Bill Cosby's wife refused to answer at least 98 questions under oath during her videotaped deposition regarding his denial of sexual assault accusations, according to transcripts released this week.
Camille Cosby was compelled to participate in the deposition in the case brought by seven women against her husband, but the judge ruled she could raise the marital privilege rule when appropriate and decline to answer certain questions.
A partial transcript of Camille’s deposition, taken Feb. 12 in Springfield, Massachusetts, was released Monday, but noted that "highly confidential material" had been redacted.
Camille had been fighting efforts to testify in the lawsuit filed by women who claim her husband's public denials of their sex assault allegations constitutes defamation.
The case has been temporarily postponed so that Bill Cosby and his legal team can concentrate on a separate criminal case in which he was charged in Pennsylvania with three counts of aggravated indecent assault, a second-degree felony. That case involves Andrea Constand, who accuses the comedian of drugging and sexually assaulting her in 2004 at his suburban mansion after meeting him at Temple University.
But after a judge ruled that Camille could be deposed, she was required to sit in front of six attorneys for questioning that, according to the transcript, at times got heated.
Under oath, Camille said she did not know that there was a lawsuit filed by seven women against her husband, nor could she recall the first time she became aware of the allegations against her husband.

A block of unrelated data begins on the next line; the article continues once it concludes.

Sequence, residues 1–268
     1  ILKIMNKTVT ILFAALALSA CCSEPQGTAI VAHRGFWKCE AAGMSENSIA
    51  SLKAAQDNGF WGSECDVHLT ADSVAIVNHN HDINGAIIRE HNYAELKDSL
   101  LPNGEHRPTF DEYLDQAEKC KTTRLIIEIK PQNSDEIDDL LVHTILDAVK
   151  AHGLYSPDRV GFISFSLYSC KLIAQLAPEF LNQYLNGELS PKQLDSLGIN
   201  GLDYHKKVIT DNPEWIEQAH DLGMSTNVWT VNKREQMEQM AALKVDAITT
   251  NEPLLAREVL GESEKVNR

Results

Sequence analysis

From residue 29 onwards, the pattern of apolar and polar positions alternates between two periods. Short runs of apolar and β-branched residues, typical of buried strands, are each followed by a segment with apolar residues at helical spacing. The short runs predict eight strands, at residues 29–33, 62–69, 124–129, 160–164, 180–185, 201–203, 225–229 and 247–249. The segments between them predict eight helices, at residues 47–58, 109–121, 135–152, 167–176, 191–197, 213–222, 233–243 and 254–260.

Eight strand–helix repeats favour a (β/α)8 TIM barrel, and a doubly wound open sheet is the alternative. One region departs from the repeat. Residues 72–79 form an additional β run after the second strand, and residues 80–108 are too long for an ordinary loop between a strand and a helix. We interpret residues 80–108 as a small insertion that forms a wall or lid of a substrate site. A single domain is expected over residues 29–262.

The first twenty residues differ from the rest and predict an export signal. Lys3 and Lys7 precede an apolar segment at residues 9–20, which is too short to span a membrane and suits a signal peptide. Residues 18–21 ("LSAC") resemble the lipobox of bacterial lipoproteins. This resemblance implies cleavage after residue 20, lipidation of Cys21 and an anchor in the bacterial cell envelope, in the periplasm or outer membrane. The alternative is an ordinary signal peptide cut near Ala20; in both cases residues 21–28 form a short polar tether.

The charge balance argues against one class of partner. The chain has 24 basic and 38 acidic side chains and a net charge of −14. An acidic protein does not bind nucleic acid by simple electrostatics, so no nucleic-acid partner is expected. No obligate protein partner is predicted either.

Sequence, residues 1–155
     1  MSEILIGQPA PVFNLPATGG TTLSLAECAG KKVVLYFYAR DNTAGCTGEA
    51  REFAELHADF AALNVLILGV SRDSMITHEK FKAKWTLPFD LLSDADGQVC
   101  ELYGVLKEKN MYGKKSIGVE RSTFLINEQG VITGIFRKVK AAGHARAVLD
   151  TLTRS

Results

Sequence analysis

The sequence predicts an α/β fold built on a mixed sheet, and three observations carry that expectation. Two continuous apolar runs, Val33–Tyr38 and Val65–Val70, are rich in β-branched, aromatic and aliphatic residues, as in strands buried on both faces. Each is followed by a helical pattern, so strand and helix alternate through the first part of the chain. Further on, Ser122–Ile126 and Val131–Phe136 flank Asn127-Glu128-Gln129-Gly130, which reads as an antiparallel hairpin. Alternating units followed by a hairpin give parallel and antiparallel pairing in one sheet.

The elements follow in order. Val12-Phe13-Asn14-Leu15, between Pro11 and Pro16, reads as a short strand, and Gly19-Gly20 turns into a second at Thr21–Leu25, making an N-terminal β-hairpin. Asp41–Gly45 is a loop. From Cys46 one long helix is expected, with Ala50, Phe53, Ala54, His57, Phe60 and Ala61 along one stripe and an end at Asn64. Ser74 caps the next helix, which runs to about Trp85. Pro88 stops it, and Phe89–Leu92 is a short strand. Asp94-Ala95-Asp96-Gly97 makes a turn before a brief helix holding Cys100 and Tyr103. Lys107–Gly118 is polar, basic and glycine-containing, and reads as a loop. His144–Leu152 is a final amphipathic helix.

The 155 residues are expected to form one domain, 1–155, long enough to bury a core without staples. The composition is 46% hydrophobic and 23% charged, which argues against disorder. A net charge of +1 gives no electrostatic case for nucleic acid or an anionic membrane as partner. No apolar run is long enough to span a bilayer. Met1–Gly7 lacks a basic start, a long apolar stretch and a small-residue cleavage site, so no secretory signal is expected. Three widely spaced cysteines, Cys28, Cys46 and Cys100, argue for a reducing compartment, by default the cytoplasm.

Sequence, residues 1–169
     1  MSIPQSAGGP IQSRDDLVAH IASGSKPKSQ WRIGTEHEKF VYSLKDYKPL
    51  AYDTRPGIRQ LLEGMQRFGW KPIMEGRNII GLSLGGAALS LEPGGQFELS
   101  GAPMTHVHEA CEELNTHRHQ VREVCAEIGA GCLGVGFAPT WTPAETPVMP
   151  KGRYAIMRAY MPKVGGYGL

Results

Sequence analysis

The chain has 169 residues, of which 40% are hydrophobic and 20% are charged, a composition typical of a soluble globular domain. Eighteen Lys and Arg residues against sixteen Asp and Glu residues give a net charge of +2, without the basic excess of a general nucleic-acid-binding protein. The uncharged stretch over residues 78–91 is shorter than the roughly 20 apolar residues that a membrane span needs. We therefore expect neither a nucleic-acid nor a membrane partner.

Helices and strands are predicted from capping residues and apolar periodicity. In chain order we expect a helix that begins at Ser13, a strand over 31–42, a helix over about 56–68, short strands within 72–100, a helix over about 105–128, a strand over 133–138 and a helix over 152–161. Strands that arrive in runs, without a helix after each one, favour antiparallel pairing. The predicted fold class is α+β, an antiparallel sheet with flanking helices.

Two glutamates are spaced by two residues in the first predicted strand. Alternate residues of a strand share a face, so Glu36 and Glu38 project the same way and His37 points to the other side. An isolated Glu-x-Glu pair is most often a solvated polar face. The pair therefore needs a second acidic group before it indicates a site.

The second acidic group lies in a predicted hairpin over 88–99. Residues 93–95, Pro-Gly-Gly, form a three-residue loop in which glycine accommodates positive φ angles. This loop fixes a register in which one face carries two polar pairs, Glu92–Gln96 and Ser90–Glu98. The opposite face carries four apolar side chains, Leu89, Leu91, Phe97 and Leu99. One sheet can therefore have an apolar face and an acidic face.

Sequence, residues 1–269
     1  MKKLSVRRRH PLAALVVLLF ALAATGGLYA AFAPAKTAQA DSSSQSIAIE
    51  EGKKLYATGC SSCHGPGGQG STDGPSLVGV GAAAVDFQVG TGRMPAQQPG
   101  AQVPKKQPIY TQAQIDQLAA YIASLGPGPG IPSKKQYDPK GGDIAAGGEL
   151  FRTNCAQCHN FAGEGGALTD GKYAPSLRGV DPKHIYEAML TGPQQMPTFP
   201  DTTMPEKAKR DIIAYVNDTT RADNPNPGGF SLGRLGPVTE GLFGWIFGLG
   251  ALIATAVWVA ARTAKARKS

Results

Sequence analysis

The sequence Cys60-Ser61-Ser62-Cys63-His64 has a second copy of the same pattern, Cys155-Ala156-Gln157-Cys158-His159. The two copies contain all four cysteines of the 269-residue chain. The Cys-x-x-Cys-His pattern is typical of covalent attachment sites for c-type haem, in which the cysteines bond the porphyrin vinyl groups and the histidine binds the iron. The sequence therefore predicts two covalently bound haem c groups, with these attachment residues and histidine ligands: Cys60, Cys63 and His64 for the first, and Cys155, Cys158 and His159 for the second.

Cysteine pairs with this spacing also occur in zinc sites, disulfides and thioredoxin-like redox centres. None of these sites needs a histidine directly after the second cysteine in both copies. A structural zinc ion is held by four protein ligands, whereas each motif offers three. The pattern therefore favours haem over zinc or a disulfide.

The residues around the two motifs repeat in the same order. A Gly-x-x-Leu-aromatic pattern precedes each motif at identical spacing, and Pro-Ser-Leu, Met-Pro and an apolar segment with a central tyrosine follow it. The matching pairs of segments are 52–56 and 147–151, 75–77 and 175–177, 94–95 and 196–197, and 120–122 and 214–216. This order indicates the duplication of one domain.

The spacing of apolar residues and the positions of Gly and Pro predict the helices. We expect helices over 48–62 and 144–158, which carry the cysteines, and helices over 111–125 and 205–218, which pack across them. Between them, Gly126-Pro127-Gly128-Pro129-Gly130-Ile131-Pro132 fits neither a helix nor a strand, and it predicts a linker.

When Joseph Cammarata, the attorney representing the seven women, asked Camille if she was aware that Constand had previously sued her husband, her legal counsel, Monique Pressley, objected.
"Privilege. Do not answer," she advised.
Cammarata was so frustrated with Camille's refusal to answer even basic questions that he threatened to get the judge on the phone.
"This is – this is outrageous," he said.
"I’m happy to get the judge on the phone," Pressley shot back.
When questioning resumed after a five-minute break, Cammarata said he reserved the right to call the judge because he believed Camille was inappropriately instructed not to answer certain questions.
Camille then acknowledged that at some point she became aware that Constand was suing her husband, but she could not recall exactly when. She added that she learned of the case from her husband, but that she has never read a copy of the complaint and only "somewhat" understands the allegations.
She also acknowledged speaking with Bill Cosby regarding his Constand deposition, but again invoked marital privilege in not divulging what was discussed.
More than 40 women have accused Cosby publicly of sexual assault, but he has denied the allegations. The statute of limitations for many of the allegations has passed.